Frosts settled in the fields, particularly in Massachusetts, New Hampshire, Vermont and upstate New York; ruining crops throughout the region, as early as May 1816. In July ice began to form in rivers and lakes in Pennsylvania. By August 1816 frosts were killing two thirds of corn crops as far south as Virginia – including recently retired president Thomas Jefferson’s plantation, Monticello. This upheaval was a major push factor leading to many farming families packing their lives into wagons and heading for pastures new.

In Norwich, Vermont the Smith family, previously from Sharon, Vermont and struggling as it was to maintain their 100 acre farm, were driven off the land due to crop failure. Mr Smith senior had set his stop loss point as a third year of ruined crops, and the year without a summer obliged. By March their apricot trees had been hit by a heavy frost, and all crops were wiped out. The Smiths headed for Palmyra, New York, a 300 mile journey in the middle of the summer snowstorms. One of the Smith family, Joseph Jr, hobbling all the way on crutches, due to a bone infection caught several years earlier.

Now I’m not going to explore this one too much further, as it has always been supposition the year without a summer had a massive impact on young Joseph, and the turn he would make a little later in life – just imagine if the world suddenly turned surreal, and if you were religiously inclined. Imagine maybe you weren’t terribly religious, but lived in a time when science could not explain the supposedly eschatological weather raging across the world – well something like the year without a summer my just provide you with your Damascene moment.

The Smith family made their way down to Palmyra, in the midst of an area which became known as the ‘Burned over district’ – a collection of towns in the west of the state, which became populated by many evacuees from New England whose farms had failed, and some of whom had divergent religious beliefs to begin with – and who became a hotbed in the years following for what came to be known as ‘the second great awakening – a radical, largely protestant religious revival in the area.

Joseph Smith was a little different from these groups. In the spring of 1820, Smith would later claim he was wandering through a place he would later name ‘the sacred grove’. He was wondering just which newfangled religious group he should join when he claims some great evil nearly overcame him – but literally Deus ex machina, God and Jesus flew down from the heavens to tell him not to join any of them, because they were all fakes. Of course in 1823 an angel called Moroni apparently flew down to tell him of a new bible he himself must bring into existence, via a golden book, a magical breastplate, and magic stones which had been buried in a hill near his home.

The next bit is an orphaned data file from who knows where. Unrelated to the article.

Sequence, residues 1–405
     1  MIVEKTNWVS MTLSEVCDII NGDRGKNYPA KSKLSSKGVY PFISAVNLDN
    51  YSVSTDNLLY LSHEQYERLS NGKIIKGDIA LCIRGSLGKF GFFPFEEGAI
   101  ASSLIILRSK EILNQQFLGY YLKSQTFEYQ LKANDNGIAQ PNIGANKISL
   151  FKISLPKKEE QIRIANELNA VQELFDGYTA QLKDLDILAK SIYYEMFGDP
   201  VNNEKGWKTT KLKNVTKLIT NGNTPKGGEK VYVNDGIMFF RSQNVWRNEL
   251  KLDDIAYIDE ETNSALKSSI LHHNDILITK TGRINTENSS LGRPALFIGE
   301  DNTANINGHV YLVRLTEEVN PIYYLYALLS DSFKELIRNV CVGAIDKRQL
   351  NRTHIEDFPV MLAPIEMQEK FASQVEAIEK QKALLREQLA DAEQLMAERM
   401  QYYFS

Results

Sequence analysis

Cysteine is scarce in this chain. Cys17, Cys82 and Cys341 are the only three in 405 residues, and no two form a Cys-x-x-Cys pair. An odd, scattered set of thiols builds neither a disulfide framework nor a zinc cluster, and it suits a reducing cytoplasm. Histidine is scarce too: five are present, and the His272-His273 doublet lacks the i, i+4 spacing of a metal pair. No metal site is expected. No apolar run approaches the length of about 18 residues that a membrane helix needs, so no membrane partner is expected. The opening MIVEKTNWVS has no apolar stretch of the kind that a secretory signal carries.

This Joseph Smith, fifth son of Joseph Smith Snr, charged over his life multiple times for dishonesty offences and disorderly behavior. The man who conspired to murder a Missouri Governor, and who would meet his own end being shot to death by an angry mob while held in jail for treason- would go on to create the Mormon church. Perhaps I have not dug deeply enough into the man’s writings to say Smith himself listed 1816 as an influence on his philosophical outlook, but one has to wonder. What can be said for certain is the resettlement caused by Mt Tambora in the Northeastern United States created an enclave of religious radicalism – from which the church of latter day saints emerged.


Ok folks that’s this episode. The podcast will be back in two months’ time, while I write the next season, get some incidental music for the show, and start promoting this season. In the meantime I have two months’ worth of weekly blogs scheduled to publish every Tuesday 10am New Zealand time at historyandimagination.com. As always, thanks for tuning in. If you liked this episode please share with anyone you think will enjoy the show. Let’s get this channel growing. Music by New Zealand’s Ishtar. See you again soon.

This Tale is part two of a two part series. To read the rest of this story click here

1 thought on “Podcast Episode 8: Mount Tambora, a Butterfly Effect in Four Acts (Acts III and IV)

  1. Pingback: Podcast Episode 8: Mount Tambora, a Butterfly Effect in Four Acts (acts I and II) | Tales of History and Imagination